Pleurisy: Symptoms, Causes, and Treatment
Pleurisy is the inflammation of the lining called the pleura. This lining surrounds the lungs. An alteration causes the main symptom of pain. In this article, we’ll tell you the causes of pleurisy and its treatments.
Pleurisy also is called pleuritis. Both terms refer to the same situation: inflammation of the lining known as the pleura.
The pleura is a thin lining that surrounds the lungs and separates them from the chest wall. Actually, the pleura has two layers; one of them adheres to the lung and the other to the chest wall.
There’s a tiny space between the two layers. This space is known as potential because it doesn’t exist nor is it evident, unless something occupies it. Air can occupy that space, constituting a pneumothorax. Also, a liquid substance can occupy it as well, constituting a pleural effusion.
It’s common for pleurisy to be associated with pleural effusion. When the pleura is inflamed, it can produce inflammatory fluid that deposits in the pleural space. This indicates that different pleura disorders may respond to the same cause.
The causes of pleurisy
Pleurisy has different causes. These are some of the disorders that can cause inflammation of the pleura:
- Autoimmune diseases. Some autoimmune diseases attack the pleura. For example, rheumatoid arthritis, which is a cause of pleurisy.
- Lung cancer. This oncological disease may attack the pleura. Sometimes, the pleural membranes swell due to proximity to the primary tumor. Other times, because lung cancer metastases lodge in the pleura.
- Pneumonia. When you suffer bacterial or viral pneumonia, the pleura inflames due to the infectious process.
- Mycosis. Some fungi that infect humans, precisely in their internal organs, can lodge in the pleura. Fungal pleurisy is difficult to treat because antifungals need a lot of time to start acting and because the drugs don’t access the pleura as fast as other organs.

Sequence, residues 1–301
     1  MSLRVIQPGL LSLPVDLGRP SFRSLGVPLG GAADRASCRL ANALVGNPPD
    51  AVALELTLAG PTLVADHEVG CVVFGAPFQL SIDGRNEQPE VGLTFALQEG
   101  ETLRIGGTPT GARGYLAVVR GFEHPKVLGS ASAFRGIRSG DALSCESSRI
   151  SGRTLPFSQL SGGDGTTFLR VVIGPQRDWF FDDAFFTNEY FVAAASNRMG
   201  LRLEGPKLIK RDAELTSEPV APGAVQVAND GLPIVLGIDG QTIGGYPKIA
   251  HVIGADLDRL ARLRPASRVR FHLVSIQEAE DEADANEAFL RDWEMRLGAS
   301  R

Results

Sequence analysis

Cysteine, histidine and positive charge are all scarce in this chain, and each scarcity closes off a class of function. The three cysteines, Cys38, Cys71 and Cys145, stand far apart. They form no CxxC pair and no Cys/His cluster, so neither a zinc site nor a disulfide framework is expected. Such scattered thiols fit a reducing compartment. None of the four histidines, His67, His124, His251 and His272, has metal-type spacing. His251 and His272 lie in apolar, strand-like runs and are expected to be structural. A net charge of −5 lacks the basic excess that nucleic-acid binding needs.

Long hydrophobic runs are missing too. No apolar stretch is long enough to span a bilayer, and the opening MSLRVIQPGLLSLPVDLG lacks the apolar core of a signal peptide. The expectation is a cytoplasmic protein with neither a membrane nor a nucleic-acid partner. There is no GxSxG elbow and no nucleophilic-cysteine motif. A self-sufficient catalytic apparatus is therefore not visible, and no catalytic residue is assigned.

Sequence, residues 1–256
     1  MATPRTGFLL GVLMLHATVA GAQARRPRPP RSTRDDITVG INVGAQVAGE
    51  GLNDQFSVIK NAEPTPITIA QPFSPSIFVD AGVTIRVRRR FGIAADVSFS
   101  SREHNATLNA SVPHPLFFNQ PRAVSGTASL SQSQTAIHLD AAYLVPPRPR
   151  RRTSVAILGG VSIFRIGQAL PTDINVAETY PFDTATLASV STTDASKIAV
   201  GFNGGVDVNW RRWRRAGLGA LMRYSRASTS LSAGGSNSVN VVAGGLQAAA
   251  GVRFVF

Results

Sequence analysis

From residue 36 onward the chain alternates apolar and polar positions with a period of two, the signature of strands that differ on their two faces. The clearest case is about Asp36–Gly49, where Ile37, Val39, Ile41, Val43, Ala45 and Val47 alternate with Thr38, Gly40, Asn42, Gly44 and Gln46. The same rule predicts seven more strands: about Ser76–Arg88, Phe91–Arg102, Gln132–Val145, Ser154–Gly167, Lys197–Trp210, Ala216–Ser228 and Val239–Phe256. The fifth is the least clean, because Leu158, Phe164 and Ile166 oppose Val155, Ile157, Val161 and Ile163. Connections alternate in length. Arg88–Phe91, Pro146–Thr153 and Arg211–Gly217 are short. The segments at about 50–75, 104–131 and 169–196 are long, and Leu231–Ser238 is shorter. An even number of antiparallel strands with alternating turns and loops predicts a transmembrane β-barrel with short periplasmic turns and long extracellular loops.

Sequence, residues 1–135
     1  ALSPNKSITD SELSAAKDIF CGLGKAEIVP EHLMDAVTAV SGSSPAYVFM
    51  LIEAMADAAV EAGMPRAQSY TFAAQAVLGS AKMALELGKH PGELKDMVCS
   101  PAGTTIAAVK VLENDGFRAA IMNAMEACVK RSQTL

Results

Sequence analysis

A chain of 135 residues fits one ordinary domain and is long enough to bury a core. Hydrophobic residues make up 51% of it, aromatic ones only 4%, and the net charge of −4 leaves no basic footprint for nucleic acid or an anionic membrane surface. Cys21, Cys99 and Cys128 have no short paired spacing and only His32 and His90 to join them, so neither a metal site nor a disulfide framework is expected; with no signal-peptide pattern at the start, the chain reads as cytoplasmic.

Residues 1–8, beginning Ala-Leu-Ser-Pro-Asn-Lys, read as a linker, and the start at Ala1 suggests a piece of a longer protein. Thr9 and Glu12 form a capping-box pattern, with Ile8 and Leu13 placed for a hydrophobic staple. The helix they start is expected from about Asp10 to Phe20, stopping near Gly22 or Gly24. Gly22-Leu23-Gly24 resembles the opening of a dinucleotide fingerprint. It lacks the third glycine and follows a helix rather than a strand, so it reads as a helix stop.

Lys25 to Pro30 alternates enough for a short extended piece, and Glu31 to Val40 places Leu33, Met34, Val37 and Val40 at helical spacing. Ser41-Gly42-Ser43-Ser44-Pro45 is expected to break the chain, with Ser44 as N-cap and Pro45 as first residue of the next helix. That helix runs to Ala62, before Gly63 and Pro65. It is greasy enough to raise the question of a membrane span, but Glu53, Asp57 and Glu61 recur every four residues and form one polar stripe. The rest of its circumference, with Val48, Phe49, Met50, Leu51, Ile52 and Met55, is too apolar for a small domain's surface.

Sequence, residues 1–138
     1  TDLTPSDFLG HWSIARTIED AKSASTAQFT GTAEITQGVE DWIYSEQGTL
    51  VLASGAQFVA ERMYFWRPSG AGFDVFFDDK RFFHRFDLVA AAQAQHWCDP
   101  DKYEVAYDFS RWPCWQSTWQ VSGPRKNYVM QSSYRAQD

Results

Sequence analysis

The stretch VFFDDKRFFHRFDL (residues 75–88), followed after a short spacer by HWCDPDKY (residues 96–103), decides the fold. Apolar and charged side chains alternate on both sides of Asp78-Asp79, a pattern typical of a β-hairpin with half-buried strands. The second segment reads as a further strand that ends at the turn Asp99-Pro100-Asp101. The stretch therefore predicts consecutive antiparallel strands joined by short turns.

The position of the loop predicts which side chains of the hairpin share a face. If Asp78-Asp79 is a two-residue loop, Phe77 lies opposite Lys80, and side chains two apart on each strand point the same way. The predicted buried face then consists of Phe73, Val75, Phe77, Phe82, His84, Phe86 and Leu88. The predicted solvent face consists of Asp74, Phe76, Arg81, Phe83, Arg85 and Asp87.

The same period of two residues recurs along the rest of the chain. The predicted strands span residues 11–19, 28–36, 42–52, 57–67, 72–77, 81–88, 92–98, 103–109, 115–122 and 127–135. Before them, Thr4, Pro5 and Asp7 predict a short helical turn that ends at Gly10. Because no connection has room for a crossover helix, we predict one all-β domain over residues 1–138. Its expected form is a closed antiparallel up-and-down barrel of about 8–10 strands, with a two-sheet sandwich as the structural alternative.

- Thorax trauma. Trauma to the chest and side of the chest wall, more precisely in the ribs, is associated with pleurisy. Inflammation happens due to cohesion and closeness to neighboring structures.
Symptoms of pleurisy
The characteristic symptom of pleurisy is chest pain. Overall, it’s an intense but intermittent pain, which exacerbates when the patient coughs or takes deep breaths.
Dyspnea manifests along with the pain. Dyspnea is a perceived lack of air, either during inhalation or exhalation. As in a vicious cycle, breathing overexertion can worsen the chest pain. Other symptoms will depend on the cause of pleurisy.
- If it’s pneumonia, the patient will also suffer from fever and coughing.
- If it’s lung cancer, the patient will have weight loss, anemia, or changes in skin color.
- When an autoimmune disease happens, it often affects the joints, for example.
If pleurisy is accompanied by pleural effusion, the characteristic pain will vary slightly. The accumulated liquid worsens the pain in certain bodily postures and positions. Dyspnea is also more evident due to the pressure of the effusion on the lung.
Keep discovering in this article: The Causes of Chest Pain When Coughing
The treatment greatly depends on the cause. Remember that it isn’t a disease in and of itself, but rather a situation that arises from another pathology.
A patient can manage the pleurisy pain with anti-inflammatory drugs, regardless of the original cause. Medical professionals commonly recommend ibuprofen for pain management. In more severe cases, the patient can resort to morphine and its derivatives.
When the patient’s pain worsens when they cough, the doctor may evaluate the use of antitussives. However, they aren’t always recommended because coughing is a defense mechanism the body uses to solve an atypical situation.
For infections, an antimicrobial treatment can fight the invading agent. There are protocols for pneumonia, fungal infection, and flu-like clinical situations that determine what steps to take at each stage.
If pleural effusion is associated with pleurisy, the doctor will assess the need for drainage. In this regard, they can extract the liquid contained in the pleura with certain procedures. Not all effusions need to be drained.
If a patient has pleurisy, their medical professional needs to find the cause. As such, they’ll seek the complementary methods they deem appropriate to reach a diagnosis. Once they discover the cause, they can indicate a treatment to address the underlying situation.